Because Quentin and Eliot were one thing, Julia and Margo were something else. They weren’t two pairs of unshakable soulmates, they were four individuals all of whom loved each other in complicated ways. She’d learned that Penny had not only been married to Kady, but had been in… a relationship? An arrangement of mutual satisfaction? With Q and Eliot for years. She’d woken up some mornings to find Margo exiting El and Q’s bedroom in the Scottish cottage, instead of the one further down the hall she usually shared with Juila.
The point was, there was no symmetry, no easy pattern into which she could find her place. She wasn’t destined to become a bonded pair with Kady, forming three couples in perfect harmony with one another. She also wasn’t destined to be cast aside as an unneeded extra, when Penny came back and reunited with Kady at last. It was all more complex than any words could account for.
“It’s not a stupid thought, though,” Julia mused one day, when Alice had begrudgingly admitted some of these more fantastical, romantic theories. “The idea that we’re all destined for each other. Has it occurred to you that we might not actually be the only immortal people in the world?”
The thought had occurred, although Alice had dismissed it, taking for granted that the psychic link and the immortality went hand in hand. She’d sort of thought that if there were other people out there like them, they’d all know it as a matter of course.
“You mean… maybe the seven of us are connected, through space and time, and there are others who aren’t?”
“Who have their own little codependent family, parallel to us, but disconnected entirely.”
Alice looked at her, trying to decide whether Julia was messing with her. “You really think that?”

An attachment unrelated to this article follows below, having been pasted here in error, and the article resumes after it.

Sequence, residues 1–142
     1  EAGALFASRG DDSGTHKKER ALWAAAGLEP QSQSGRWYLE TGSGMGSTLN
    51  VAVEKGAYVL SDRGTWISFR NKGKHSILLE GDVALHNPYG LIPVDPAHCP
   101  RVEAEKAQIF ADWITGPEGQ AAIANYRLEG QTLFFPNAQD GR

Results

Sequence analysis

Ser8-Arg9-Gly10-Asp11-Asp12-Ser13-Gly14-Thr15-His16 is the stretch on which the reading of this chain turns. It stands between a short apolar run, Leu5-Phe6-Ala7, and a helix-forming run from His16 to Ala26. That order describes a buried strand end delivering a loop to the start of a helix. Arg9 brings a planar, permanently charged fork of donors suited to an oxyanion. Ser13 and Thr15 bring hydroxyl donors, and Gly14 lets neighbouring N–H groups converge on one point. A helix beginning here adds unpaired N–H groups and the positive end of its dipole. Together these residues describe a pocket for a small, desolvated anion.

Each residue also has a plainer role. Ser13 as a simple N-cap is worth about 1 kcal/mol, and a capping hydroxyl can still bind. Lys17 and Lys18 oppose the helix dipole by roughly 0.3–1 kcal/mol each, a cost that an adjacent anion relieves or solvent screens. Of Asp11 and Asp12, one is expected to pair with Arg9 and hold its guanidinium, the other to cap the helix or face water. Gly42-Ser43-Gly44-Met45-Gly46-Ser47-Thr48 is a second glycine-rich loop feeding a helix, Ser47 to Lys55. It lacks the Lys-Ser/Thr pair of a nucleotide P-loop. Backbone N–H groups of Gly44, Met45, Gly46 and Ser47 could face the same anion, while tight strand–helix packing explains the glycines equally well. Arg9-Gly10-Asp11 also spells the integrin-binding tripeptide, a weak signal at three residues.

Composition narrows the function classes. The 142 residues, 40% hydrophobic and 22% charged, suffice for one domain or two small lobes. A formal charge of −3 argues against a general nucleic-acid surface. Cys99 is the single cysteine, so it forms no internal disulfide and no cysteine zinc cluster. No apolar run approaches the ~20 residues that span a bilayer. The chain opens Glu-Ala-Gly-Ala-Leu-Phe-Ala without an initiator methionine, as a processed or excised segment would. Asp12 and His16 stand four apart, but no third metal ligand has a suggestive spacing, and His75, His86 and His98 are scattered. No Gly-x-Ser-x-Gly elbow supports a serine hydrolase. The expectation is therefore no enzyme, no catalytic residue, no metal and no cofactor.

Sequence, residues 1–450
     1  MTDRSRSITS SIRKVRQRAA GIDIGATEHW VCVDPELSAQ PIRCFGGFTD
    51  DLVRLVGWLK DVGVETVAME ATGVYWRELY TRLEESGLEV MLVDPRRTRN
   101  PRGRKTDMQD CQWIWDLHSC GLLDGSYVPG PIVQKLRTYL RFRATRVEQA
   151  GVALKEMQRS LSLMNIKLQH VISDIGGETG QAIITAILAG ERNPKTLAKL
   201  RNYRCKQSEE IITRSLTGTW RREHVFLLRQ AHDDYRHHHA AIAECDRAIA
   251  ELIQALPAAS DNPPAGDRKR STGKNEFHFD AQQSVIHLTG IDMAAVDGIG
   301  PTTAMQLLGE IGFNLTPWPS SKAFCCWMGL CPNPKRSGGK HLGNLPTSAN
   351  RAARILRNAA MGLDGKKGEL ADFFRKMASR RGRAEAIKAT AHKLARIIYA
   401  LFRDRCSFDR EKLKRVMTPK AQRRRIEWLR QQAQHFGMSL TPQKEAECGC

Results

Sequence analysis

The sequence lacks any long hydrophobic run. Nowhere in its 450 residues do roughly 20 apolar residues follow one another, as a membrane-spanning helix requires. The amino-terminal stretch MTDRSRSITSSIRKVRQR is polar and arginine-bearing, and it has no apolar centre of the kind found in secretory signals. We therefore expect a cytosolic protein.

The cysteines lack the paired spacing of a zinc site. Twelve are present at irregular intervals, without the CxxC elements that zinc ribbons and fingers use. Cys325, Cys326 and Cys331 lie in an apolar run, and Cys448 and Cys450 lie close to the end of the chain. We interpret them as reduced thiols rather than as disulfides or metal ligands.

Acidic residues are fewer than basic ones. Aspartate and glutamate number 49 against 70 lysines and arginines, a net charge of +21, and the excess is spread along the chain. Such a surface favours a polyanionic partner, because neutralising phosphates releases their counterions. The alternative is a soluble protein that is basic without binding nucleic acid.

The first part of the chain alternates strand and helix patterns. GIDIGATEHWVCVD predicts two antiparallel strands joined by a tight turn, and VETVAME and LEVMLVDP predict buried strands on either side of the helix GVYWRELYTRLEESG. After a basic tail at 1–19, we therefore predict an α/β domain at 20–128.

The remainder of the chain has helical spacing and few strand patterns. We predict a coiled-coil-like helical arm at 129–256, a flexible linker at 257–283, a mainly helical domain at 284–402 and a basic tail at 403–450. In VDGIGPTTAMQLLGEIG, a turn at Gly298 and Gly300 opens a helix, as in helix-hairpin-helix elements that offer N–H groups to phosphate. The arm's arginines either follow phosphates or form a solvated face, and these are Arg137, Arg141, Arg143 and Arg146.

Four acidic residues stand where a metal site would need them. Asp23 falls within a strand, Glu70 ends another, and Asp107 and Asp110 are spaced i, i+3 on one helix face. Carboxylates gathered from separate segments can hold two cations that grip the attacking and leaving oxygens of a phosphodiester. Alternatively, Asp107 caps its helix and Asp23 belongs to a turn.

“No,” Julia said. “But I also don’t not think it.” She offered Alice a sweet smile, tinged with the edges of humor. “All I’m trying to say is, you’re not the first of us to assume something cosmic is to blame for bringing us all together.”
Alice thought about what little she knew of Eliot’s early life, and then the sweet surrender of finding Q after centuries of loneliness. He’d taken it for granted that what he felt for Quentin was love, right from the start. Quentin had resisted it, afraid to allow fate to dictate his choices, afraid to succumb to some sinister bigger plan that neither of them could see. But whether their love for each other was an inevitable consequence of magic, or something else… it didn’t actually change the facts. Humans didn’t understand love in the scientific sense, so why would Alice ever need to? “Destiny doesn’t matter,” she said. “Whether it’s true or not, it’s all beside the point.”
“It’s not fun, the not-knowing,” Julia said, but she sounded like she agreed.
“The fact that this happened to me, it could be part of some bigger plan, or it could be the randomness of a lightning strike,” Alice said. She had to do it, sometimes, say the thought out loud to be sure it was the truth of how she felt. And the truth was, she liked to learn, but some things went beyond the need for concrete data. “Either way, I don’t care. I’ve chosen where I want to be, and it’s right here with all of you.”